Be careful what you wish for.
“Our problem was we were with too big of an agent,” Tyrone Wells told Pollstar. “Our agent seemed to have graduated and was not concerned with the logistics, the right room, the right deals.”
Without going into too much detail, Wells has done the reverse of many artists: shifted from a big agency (one of the biggest) to a small one. And, he said, it has made all the difference. Sometimes people of Wells’ level do not get the attention desired on a roster that includes artists doing multimillion-dollar tours. He’s since joined Blackbird Artists Agency and is on the road year-round.
Wells, a singer/songwriter known for his engaging live show, has spent nine years building up his career from his base of Los Angeles. He would play everything from coffeehouses to funerals. Sometimes he would sing to couples on their anniversaries.
But someone with such a silky, soulful voice as Wells, whose original music has drawn critical acclaim, wasn’t going to remain a gun-for-hire forever. Right now, he says he and his band draw more than 1,000 in L.A., 700 in Spokane, 400 in San Diego and he’s quietly doubling room size in markets coast-to-coast.
Meanwhile, his music has been played on TV shows like “One Tree Hill” and “Rescue Me” and in movies. The recent single “Sink or Swim” was used to promo the sixth season of “Grey’s Anatomy.” Wells, who had been producing his own music before signing with Universal Records a few years ago, credits manager Tyler Bacon for getting his music on the small and big screens.
Wells has gotten to this place by, at one point or another, having to do it all himself. When he was languishing on the big agency’s roster, he didn’t wait around for return phone calls. Instead, he bought a table at the National Association of Campus Activities and did a showcase. He wound up booking 150 college shows on his own, becoming NACA’s most-booked artist in 2006.
Blackbird’s Brian Jonas said that’s exactly the kind of artist he likes on his roster.
“I like that they’ve booked their own shows because I think they appreciate what goes into the booking process a little more,” Jonas said. “Not just, ‘Here’s your whole tour’ – they’ve had some vested interest in booking their own shows so they appreciate what goes into putting them together.”
And Jonas noted that Wells recognizes his realistic draw and that’s what’s going to make him a career artist.
“Up until the summer of 2009 Tyrone had never had a larger tour support slot nor toured with any larger non-club act, so everything we have built to this point has been on a purely grassroots level,” Jonas said. “Just playing to 30, 40 people in a market one night and, three or four months later, playing to 60 people.”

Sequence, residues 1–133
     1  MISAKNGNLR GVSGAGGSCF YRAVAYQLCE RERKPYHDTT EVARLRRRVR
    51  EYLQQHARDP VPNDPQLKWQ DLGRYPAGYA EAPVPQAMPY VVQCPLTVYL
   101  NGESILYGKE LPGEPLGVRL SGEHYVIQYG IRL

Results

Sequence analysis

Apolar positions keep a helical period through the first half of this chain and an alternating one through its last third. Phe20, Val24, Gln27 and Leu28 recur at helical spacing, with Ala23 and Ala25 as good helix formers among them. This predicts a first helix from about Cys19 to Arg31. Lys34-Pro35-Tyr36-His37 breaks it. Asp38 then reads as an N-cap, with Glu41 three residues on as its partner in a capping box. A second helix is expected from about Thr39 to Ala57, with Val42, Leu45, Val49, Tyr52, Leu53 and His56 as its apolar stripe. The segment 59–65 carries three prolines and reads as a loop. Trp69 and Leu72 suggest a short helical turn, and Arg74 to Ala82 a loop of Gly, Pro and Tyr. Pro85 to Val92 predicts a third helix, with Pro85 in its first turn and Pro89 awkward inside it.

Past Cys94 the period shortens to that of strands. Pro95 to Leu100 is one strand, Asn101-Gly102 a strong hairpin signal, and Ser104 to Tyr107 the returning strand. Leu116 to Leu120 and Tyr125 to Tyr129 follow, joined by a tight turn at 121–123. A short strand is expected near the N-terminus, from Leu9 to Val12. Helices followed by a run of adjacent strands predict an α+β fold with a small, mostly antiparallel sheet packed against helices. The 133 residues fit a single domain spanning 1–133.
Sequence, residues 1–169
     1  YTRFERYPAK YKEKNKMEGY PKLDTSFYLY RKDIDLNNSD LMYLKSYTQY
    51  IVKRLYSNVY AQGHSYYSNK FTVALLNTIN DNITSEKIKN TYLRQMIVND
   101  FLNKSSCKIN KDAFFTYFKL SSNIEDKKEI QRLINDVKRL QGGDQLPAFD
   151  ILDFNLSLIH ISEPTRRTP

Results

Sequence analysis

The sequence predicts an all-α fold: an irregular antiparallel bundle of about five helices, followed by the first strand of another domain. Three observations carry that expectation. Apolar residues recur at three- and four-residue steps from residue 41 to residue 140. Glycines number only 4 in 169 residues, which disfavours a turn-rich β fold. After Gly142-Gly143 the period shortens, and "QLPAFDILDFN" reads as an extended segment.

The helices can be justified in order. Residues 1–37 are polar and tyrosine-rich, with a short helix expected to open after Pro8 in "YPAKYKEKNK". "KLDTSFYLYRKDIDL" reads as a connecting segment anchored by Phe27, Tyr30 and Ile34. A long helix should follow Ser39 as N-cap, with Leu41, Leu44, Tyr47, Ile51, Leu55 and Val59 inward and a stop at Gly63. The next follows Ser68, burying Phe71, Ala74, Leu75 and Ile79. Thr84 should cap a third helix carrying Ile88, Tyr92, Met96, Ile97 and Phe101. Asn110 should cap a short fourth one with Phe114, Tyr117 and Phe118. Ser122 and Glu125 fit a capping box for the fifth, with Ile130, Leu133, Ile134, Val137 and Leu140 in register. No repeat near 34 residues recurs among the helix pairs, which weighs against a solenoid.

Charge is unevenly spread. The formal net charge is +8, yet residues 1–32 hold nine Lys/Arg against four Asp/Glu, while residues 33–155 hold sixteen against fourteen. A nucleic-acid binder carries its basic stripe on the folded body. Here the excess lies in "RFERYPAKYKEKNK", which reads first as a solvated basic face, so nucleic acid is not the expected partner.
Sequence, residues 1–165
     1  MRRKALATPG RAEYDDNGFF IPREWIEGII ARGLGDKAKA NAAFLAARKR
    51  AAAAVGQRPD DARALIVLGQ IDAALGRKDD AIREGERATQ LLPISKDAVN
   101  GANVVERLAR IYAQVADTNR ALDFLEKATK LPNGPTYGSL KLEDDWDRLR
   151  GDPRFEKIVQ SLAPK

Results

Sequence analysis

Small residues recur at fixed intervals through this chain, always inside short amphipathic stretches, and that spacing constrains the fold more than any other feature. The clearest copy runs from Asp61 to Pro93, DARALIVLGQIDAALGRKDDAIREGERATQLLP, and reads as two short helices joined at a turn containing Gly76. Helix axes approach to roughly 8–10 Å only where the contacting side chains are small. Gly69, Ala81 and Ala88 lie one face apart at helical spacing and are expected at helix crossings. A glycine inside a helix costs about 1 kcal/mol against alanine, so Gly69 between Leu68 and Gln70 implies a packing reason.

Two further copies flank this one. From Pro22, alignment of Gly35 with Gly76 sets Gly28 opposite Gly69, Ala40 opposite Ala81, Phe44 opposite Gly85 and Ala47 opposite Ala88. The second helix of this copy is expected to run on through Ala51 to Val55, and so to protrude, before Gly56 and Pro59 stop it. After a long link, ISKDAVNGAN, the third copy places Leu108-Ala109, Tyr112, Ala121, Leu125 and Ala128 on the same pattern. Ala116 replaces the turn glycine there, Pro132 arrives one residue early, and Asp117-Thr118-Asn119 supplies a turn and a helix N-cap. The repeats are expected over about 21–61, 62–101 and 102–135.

But that’s not to say he doesn’t play to larger audiences. Jonas noted that Wells will play to “thousands of screaming 19-year-olds” at a college in addition to the intimate supper club filled with more mature listeners.
And Wells knows how to keep it in the budget.
“We’re still in a van,” Wells said. “I’ve decided I don’t want to graduate to a bus until it’s totally necessary. On the low end, it’s $1,000 to $1,500 daily for a bus. I’m trying to build a career here. And I want to take care of the band. I don’t want to jack up the expenses and come home with nothing.”
There’s something else he has done from time to time because of his experience with a big agency.
“Sometimes we’d get a guarantee that was in no way covered by ticket sales,” he said. “That would just drive me crazy – these people just lost a ton of money working with us. And I’m not interested in that. I’m one of the few guys out there who has given money back to the clubs – often – if I felt the guarantee was ridiculous.”
He said promoters told him that, in 20 years in the business, it was the first time anyone has ever given them money back.
“If traveling musicians are reading this, I think there’s some wisdom there,” he said. “I don’t think anybody would hold me to that if on a night we needed the money we kept it. We’re to a point now where, almost across the board, we’re making money everywhere. But when we were first starting out, some of those deal structures were off.”
Jonas was understanding.
“That’s who Tyrone is,” he said. “And I love him for those reasons but, from an agent’s perspective, I can see how it can be frustrating. But he’s the kind of guy who feels if he hasn’t earned the money, he’s not going to keep it.
“For me, being a younger agency, I think that attitude has fostered relationships with venues and promoters. And that’s why we’re in this business: to create relationships.”